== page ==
As chaos looms in the Eswatini’s deadly pro-democracy protests, soldiers fired on a United States diplomatic vehicle.

The US Embassy in Eswatini confirmed the incident on Thursday in a tweet, saying “shots were fired at an embassy vehicle on July 1 and we informed the Ministry of Foreign Affairs of the incident via diplomatic note, a standard form of communication [between] diplomatic missions & MFA.”

A diplomatic note between the two embassies was leaked to the media.

In the note, dated 3 July, the US Embassy said a soldier of the Eswatini Defence Force shot three live rounds at a diplomatic vehicle, with one shot striking the vehicle.

The same vehicle was then stopped at a checkpoint, where soldiers pointed weapons at the vehicle, and attempted to search the diplomatic vehicle, the note stated.

The search by soldiers was in contravention of the Vienna Convention on Diplomatic Relations.

The Eswatini government did not respond to a request for comment.

The US, along with the United Kingdom and European Union in Eswatini, issued a joint statement, urging the government to “exercise restraint” in its response to protesters.

The missions also urged protesters to “demonstrate and voice their concerns through non-violent means”.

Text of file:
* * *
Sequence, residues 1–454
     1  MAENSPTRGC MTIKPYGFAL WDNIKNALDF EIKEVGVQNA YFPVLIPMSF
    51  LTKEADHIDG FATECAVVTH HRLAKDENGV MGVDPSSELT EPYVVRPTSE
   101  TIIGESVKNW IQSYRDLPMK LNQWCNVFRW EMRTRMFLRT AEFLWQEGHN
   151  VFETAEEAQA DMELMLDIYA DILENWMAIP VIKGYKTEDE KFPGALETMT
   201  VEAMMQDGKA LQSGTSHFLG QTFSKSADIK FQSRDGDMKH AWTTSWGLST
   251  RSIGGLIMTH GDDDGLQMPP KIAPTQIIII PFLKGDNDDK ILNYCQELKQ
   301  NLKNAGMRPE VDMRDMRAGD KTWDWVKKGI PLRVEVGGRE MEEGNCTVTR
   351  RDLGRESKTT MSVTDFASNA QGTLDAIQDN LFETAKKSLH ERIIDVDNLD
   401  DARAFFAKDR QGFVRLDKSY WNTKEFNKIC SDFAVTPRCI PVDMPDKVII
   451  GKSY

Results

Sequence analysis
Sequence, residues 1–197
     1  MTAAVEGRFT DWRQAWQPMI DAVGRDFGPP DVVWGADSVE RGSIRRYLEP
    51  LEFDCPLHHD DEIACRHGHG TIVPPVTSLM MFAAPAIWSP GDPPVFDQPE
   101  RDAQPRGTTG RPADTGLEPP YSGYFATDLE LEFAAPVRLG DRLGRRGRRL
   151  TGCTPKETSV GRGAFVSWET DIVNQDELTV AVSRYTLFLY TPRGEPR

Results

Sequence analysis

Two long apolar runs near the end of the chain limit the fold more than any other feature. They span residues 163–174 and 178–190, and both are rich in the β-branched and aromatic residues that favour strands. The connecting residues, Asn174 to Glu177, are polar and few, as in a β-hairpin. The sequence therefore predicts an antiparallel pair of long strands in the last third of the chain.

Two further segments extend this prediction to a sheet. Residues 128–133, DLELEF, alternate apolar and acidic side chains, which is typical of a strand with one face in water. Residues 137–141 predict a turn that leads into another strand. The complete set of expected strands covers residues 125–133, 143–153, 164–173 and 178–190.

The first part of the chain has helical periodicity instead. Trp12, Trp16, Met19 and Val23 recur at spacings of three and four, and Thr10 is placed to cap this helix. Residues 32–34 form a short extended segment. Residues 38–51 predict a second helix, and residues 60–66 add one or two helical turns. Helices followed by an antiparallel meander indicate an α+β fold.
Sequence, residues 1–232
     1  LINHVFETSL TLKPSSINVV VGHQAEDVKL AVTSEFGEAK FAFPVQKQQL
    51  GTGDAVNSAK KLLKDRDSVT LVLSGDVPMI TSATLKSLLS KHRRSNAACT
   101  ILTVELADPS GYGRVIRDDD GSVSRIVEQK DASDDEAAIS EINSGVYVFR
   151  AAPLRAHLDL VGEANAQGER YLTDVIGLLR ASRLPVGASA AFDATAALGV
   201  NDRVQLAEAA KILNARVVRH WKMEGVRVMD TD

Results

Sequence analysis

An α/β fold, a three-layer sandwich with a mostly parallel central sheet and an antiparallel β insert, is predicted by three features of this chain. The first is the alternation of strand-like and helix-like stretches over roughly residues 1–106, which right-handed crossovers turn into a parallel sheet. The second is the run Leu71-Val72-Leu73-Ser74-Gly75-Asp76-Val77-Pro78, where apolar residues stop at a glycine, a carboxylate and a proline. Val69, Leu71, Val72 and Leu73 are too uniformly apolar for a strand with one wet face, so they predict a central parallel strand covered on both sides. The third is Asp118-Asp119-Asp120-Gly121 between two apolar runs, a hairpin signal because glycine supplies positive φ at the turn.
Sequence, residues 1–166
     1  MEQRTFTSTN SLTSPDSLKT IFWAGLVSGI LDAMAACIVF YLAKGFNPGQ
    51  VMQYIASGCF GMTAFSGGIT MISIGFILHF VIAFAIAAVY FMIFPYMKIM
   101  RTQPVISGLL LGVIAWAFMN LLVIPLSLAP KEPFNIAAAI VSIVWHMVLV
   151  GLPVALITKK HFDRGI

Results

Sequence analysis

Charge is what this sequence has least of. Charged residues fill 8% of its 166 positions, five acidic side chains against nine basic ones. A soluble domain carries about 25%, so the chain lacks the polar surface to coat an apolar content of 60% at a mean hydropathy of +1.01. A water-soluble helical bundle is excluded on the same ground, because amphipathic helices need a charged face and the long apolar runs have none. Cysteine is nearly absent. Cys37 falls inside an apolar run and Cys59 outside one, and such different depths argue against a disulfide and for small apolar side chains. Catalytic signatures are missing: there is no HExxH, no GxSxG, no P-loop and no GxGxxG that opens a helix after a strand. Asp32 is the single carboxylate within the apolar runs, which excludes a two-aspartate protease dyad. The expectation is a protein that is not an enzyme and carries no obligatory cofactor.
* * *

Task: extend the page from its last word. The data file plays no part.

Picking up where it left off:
The statement was released on 1 July, the same day that soldiers fired shots at the diplomatic vehicle.

After weeks of smaller demonstrations, the protests in Eswatini gained momentum last Tuesday, leading to the burning and looting of dozens of shops and businesses.

The Eswatini government said 27 people have been killed in the violence.

Activists said at least 50 were killed, and the death toll could be as high as 70, accusing the military and police of indiscriminate violence against demonstrators.

According to SABC News, the unrest in Eswatini, a monarchy formerly known as Swaziland, began in May when a law student was murdered “in circumstances that suggested police involvement.”

Those protests grew into “daily pro-democracy marches” in late June, the United Nations said in a release on Tuesday, with protestors calling for change to a system with an elected prime minister.

The monarch of Eswatini, King Mswati III, has indulged in “a lavish lifestyle of luxury cars and palaces” while more than half of the country’s citizens “are on the brink of hunger” and live in poverty, the Times reports.

Protestors attempted to get petitions with their demands to members of Parliament, but the government put “a ban on the in-person delivery of petitions” and said they had to be sent by email, which fueled the protests even more.

Eswatini has since “descended into the most explosive civil unrest in its 53 years of independence,” according to the SABC News, which has led to a “more general breakdown in law and order.”


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